Intercongregational Partnership – ICOF


What is ICOF?

The acronym ICOF stands for “Inter-Congregational Ongoing Formation”. It is a program initiated by the Union of General Councils of the Missionary Congregations present and working in Africa. These include the Holy Ghost Fathers (Spiritans), the Missionaries of Africa (White Fathers), the Missionary Sisters of Our Lady of Africa (MSOLA), the Missionary Sisters of Our Lady of the Apostles (OLA) and the Society of African Missions (SMA). Comboni Missionaries were part of the initial steps and then they dropped out. These five congregations now make the General Board.

In this article, we briefly share with you on:

    • the history and vision of ICOF,
    • the various ICOF programmes so far and
    • a brief evaluation.

History and vision of ICOF

We trace the beginning of ICOF to the first formal meeting of the General Councils of five Congregations who work in Africa on 21 Nov 2014. We said in that meeting that our missionary institutes worked on Catechesis, initial formation for priests and religious, public education and healthcare in the last century. Most of these initiatives have been owned by the local Church and the civil governments today. This reassures us that we responded to the most important needs of the society at that time.

Our experience of working in collaboration with the local church in the reality of our day led us to the following question; what are the areas the local Chur

ch and the governments will value most in the comi

ng century so that we can start breaking the ground today?

We had a long and fruitful discussion on this question and we explored more concretely the needs in the area of ongoing formation.

We made a clear separation of three categories in Ongoing Formation:

    1. Renewal programmes
    2. Formation of Formators
    3. Therapeutic help to those struggling with serious challenges

We decided to focus more on renewal programmes. Here are the following reasons behind the choice:

    • The local Church organises the initial formation well in almost all countries and many bishops and superiors feel the need for ongoing formation of their members but do not find affordable and easily accessible options.
    • Members of our own Institutes go to Europe and America for ongoing formation. This does not look sustainable because of the growing immigration challenges, growing number of members and the costs involved. The centres in the Western world depend on participants and resource people coming from Africa, Asia, and Latin America to run the programmes.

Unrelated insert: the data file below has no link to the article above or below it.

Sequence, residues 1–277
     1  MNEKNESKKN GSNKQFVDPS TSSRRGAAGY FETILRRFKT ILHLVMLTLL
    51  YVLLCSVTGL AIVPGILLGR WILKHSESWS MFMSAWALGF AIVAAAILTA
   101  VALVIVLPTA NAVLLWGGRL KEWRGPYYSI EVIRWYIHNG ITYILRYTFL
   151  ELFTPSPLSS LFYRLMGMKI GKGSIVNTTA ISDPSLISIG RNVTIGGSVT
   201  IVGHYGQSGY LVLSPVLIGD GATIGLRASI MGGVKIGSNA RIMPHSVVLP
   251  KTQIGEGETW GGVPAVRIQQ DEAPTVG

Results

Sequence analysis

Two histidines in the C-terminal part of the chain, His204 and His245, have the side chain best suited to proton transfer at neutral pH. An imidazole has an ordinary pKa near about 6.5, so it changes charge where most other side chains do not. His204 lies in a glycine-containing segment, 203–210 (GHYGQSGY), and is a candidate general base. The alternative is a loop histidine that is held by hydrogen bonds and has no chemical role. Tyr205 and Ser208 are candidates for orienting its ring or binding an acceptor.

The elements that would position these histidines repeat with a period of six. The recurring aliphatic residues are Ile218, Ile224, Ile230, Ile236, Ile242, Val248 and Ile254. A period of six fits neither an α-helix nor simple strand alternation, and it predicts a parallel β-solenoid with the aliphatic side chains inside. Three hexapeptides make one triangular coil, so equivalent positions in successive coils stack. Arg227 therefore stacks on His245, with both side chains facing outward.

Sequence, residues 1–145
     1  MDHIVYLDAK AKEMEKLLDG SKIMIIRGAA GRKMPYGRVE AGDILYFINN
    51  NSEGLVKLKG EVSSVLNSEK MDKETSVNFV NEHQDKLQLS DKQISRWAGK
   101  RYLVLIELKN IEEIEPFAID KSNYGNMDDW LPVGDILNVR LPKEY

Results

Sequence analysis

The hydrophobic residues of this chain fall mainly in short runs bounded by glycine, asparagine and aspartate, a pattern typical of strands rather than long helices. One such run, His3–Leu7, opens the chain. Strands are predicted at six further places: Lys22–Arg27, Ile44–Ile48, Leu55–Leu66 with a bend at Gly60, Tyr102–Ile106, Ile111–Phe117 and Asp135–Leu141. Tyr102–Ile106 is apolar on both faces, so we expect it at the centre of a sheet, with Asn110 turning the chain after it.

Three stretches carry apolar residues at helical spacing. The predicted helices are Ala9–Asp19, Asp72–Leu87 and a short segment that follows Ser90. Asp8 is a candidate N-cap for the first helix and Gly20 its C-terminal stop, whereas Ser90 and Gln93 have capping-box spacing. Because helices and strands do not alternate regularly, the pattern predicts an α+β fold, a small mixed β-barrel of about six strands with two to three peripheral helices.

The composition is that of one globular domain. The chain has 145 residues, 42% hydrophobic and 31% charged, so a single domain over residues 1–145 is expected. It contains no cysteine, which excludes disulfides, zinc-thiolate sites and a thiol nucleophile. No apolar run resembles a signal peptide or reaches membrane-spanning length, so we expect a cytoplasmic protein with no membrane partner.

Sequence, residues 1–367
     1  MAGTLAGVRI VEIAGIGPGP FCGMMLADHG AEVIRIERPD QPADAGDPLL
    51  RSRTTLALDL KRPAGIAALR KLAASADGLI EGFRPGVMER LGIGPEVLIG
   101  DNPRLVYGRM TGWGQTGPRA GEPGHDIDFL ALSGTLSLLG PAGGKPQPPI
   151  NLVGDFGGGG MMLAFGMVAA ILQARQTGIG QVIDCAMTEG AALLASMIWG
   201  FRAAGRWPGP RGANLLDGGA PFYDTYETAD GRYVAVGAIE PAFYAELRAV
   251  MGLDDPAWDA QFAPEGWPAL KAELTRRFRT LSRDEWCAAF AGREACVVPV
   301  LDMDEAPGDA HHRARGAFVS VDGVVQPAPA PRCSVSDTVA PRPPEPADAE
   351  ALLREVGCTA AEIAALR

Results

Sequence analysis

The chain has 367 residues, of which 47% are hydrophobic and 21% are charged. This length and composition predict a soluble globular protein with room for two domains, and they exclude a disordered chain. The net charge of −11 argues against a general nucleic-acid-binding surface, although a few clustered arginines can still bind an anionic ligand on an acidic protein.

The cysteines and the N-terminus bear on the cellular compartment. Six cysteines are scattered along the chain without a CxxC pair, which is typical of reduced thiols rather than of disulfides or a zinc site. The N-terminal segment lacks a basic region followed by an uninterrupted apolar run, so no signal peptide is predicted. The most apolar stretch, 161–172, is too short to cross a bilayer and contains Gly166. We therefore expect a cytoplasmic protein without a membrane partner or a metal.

• If we organise ongoing formation in Africa, we will be able to pool our resource people together and we will have enough participants among our institutes and we will keep it open for the local Church. It will be cost effective, the content of the programme will be more contextualised, and it will be our joint missionary contribution in Africa.

Then in the following meeting on 21 February 2015, we decided to start two programmes: a ten-day resilience Programme in Central African Republic and a one-month renewal programme in Tanzania. We chose Central African Republic because of the tension and violence the pastoral agents in the country were facing at that time.

We contacted our confreres in these two countries and explored the ways of organising the two programmes.

Then in the following meeting on 16 May 2015, we brought together the feedback received from the ground. We formed a Steering Committee in Rome with one representative from each Institute and an Executive Committee in Tanzania again with a representative of each of the institutes. The latter is the one which assures the day to day running of the programme in all its aspects from the beginning to the end.

Various ICOF programmes so far

We have three kinds of ICOF programs every year entitled as JOY-FILLED GOSPEL SERVICE: SABBATICAL PROGRAMME in English in Tanzania (6 months), JOYEUX SERVICE DE L’ÉVANGILE – RENEWAL PROGRAM in French in Ivory Coast (2 months) and RESILIENCE PROGRAM in French (2 weeks)

  1. The first renewal program took place in 2016 and it was for two months. Following the evaluation and the recommendation of the participants, it became a six-month programme running from January to June. This has been the case for the years 2017 to 2020.

Since 2021, the six-month programme is split into two cycles of three months. Participants can choose either of the cycles or both. The first cycle is called wholeness cycle which concentrates more on the human and personal dimension and the second cycle is called Good Shepherd cycle which gives particular attention to the pastoral dimension. Currently there is a program running for 2023. All these programmes in Tanzania are in English.